The 2017 Drinks Retailing Awards’ Multiple Wine Retailer of the Year winner is renowned for innovating in the category and its Green Collection includes carbon-neutral, no-sulphur- added and organic wines to tap into these consumer trends.
Mike James, Aldi’s wine buying director, told OLN: “These wines are either better for the environment or seen as ‘better for me’.
“We are dipping our toe in the water here. We are convinced there is a more considered customer out there who is happy to spend a bit more for that feel- good factor.
“These are all good-quality wines and we are adding eight, rather than the odd one here and there. It shows we are serious about this.”
The Green Collection includes Organic Prosecco priced at £7.99, Toro Loco Organic 2015 (£4.99) and, from South Africa, Origin Pure No Sulphur Added Cabernet Sauvignon 2015 (£5.49) and Earth’s Essence No Sulphur Added Shiraz 2016 (£6.99).
“The range has a Prosecco, because Prosecco is our biggest seller, and Toro Loco is one of our top selling red wines, so at £4.99 this is very accessible for an organic wine,” said James. “We also have two organic wines from Jean Claude Mas, who is a great winemaker.” These are Vin Blanc 2016 at £5.99 and Sud de France 2016, at £6.99.
James said the move is part of a bigger Aldi project, which includes free-from, organic and superfoods being introduced across the shop floor.
The retailer’s other new initiative, French Discoveries, is an 11-strong collection ranged in three tiers.
James said: “The UK is so near to France and I’ve always been a bit frustrated that it produces three or four times the amount of wine Australia does, yet in the UK we sell more Australian wine.
“There is a lot of amazing stuff from France but it’s hard to sell. So we’ve spent some time working out how to bring this to the UK market.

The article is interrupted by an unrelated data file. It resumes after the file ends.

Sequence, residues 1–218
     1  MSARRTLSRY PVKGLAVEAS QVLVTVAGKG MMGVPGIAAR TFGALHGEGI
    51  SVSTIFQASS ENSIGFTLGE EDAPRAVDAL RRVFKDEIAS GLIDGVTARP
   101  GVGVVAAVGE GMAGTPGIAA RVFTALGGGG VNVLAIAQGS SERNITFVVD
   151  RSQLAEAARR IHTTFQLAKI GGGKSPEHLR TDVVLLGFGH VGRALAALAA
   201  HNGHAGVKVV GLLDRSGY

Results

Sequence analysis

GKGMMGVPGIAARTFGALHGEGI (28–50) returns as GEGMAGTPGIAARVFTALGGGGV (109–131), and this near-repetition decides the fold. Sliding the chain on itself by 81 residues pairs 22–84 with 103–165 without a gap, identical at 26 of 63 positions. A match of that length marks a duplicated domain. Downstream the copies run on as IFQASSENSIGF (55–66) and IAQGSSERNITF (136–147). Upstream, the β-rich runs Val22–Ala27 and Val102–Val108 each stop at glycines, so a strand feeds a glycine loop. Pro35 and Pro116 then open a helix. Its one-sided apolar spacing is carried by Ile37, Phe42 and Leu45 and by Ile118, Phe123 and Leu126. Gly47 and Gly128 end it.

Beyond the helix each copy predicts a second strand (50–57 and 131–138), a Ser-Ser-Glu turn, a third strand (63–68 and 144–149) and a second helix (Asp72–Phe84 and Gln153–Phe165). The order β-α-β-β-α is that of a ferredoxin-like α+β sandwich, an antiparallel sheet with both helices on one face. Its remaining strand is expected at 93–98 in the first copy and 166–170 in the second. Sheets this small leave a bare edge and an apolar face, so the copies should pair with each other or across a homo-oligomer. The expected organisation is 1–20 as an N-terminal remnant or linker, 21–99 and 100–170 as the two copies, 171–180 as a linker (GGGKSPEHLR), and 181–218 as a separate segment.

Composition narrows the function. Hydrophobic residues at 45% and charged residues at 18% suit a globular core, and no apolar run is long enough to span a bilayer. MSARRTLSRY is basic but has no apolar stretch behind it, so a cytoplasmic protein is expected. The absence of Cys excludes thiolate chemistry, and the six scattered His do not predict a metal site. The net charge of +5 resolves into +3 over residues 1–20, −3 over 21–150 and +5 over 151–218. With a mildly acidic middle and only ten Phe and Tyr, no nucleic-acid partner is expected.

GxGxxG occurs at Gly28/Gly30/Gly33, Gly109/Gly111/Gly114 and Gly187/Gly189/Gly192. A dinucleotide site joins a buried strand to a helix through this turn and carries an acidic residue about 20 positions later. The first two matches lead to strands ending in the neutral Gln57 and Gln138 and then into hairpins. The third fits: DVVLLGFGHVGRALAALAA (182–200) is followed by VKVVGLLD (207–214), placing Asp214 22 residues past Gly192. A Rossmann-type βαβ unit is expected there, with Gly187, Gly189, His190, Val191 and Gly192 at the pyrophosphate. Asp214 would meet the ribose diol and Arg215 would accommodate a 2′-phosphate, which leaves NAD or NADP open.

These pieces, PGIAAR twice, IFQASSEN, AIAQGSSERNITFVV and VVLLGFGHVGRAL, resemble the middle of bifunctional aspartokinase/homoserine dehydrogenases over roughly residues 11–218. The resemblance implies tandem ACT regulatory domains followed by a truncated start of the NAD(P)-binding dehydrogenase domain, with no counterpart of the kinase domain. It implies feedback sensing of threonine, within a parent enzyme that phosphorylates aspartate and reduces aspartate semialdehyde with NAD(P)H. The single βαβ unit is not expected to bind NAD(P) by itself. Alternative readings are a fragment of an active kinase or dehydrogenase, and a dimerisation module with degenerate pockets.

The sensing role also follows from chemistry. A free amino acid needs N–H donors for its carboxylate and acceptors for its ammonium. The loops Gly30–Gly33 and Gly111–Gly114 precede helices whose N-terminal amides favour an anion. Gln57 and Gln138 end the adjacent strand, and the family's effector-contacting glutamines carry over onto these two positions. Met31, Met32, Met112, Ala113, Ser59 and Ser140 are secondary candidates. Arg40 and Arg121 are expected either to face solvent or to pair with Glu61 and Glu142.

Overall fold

“This collection uses the colours and labels you might see from New World wines, rather than the beige and magnolia labels you see a lot from France. We wanted to tap into what Australia does well and do it with French wine.”
The range includes entry-level Pardon My French, which James describes as “blended, easy- drinking wines”.
He said: “We are not forgetting the appellation system but celebrating it, yet at the same time we are saying, yes, it is a bit different. In this overall collection you can move up to the “forgotten appellations” – these are not Chablis or Châteauneuf-du-Pape, these are wines that have fallen off the radar.”
Wines under this second tier banner include The Forgotten One Cahors 2014 and The Forgotten One Haut Poitou 2016 (both £6.99).
The top tier has two “lot” wines, priced at £9.99 – Lot 22 Terrasses du Larzac 2015 and Lot 23 Minervois La Liviniere 2015.
“Adding these wines is quite a bold move because, although French wine was in growth a bit at the end of last year, it has been fairly flat over the past few years.
“In fairness, though, France has woken up. It has been stung by the New World revolution and it is now embracing New World learnings. I still think the packaging hasn’t got to that stage and that’s what we are doing here. ”
Other newcomers from Aldi include two 75cl Cocktail on Ice fruit fusion wines, in flavours of watermelon and pomegranate, priced at £2.99.